As a result of our ClassACT Forums, "Half Earth: Conserving Biodiversity from the Deep Sea to Mt. Everest" and "Protecting Half-Earth: Opportunities and Obstacles," calls for action sounded across the Harvard community. John has been joined by five other classmates: John Adams, Bob Dreher, Henrietta Lodge, Sharon Tisher and Deane Wang, to form a ClassAct HR73 action group to focus on the US ratification of the treaty on Biological Diversity. The goal is to take a variety of actions in the next two years to exert significant influence over the Senate to obtain the necessary 67 votes to ratify the treaty. This result is critical to make sure that the US will participate as a full member at the next COP in 2024, which will hammer out significant steps in the implementation of the treaty with global impact. It is in the interests of the US, its people, and its businesses that the US is there as a voting party.
FROM THE CHARLES RIVER TO HALF-EARTH: 50 YEARS TO 50 PERCENT
CLASSACT HR73 REUNION ENVIRONMENT SYMPOSIUM
June 1, 2023
In his 2016 book Half-Earth: Our Planet's Fight for Life, Harvard biologist Edward O. Wilson (1929-2021) proposed the designation of half of Earth’s surface, both terrestrial and marine, as a natural reserve to safeguard the remaining biodiversity of the planet. Classmates of HR73, who are members of the ClassACT HR73 Working Group on the Environment and Climate Change and have devoted 50 years of their lives, energies, and careers to environmental issues, presented their thoughts and experiences on how we must make significant changes in our lifestyles, utilization of natural resources, economies, cultural practices, and political priorities to achieve Wilson's vision of protection of 50% of the Earth. With backgrounds in environment, law, government, medicine, business, and academics, discussion focused on action that can be taken through ratification of international biodiversity treaties and local to global land trusts as vehicles for species and ecosystem protection.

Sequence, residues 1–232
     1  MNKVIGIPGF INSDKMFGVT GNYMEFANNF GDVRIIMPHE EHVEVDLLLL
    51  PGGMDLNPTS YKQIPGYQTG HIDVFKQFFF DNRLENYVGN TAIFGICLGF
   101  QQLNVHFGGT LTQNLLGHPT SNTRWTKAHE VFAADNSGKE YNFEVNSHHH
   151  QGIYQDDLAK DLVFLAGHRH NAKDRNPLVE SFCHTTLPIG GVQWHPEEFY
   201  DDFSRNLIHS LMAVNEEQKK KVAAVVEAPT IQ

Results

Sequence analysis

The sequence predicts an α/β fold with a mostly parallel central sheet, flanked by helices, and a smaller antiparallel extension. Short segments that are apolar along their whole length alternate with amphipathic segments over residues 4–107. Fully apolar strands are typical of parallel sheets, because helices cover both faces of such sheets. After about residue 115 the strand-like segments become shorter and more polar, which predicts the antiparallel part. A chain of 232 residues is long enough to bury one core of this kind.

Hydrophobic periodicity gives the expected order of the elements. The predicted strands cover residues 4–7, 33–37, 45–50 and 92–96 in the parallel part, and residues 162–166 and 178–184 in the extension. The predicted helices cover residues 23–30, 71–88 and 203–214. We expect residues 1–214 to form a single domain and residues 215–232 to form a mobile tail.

Panelists included: John Adams, Jesse Ausubel, Kimball Chen, Lindsay Clarkson, Bob Dreher, Marion Dry, John Kress, Henrietta Wigglesworth Lodge, Anne MacKinnon, Mike Mayer, Roger Myerson, and Sharon Tisher.